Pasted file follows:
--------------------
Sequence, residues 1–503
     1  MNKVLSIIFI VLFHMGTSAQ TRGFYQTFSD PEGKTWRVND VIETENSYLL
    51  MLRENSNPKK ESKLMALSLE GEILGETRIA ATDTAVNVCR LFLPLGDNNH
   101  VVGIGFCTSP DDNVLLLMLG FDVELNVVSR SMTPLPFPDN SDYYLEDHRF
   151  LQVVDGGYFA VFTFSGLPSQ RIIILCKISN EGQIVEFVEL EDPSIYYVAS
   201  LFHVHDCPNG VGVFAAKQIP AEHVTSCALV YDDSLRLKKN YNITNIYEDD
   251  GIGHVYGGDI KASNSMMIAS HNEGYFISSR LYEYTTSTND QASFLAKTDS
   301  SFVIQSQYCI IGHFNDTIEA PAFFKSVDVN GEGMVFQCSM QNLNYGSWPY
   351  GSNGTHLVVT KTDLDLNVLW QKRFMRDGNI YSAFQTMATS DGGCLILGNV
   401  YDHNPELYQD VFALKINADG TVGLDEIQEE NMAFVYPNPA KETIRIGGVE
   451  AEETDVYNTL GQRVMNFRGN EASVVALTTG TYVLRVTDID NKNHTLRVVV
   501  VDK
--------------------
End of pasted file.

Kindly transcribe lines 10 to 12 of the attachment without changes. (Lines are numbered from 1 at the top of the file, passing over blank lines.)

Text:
   401  YDHNPELYQD VFALKINADG TVGLDEIQEE NMAFVYPNPA KETIRIGGVE
   451  AEETDVYNTL GQRVMNFRGN EASVVALTTG TYVLRVTDID NKNHTLRVVV
   501  VDK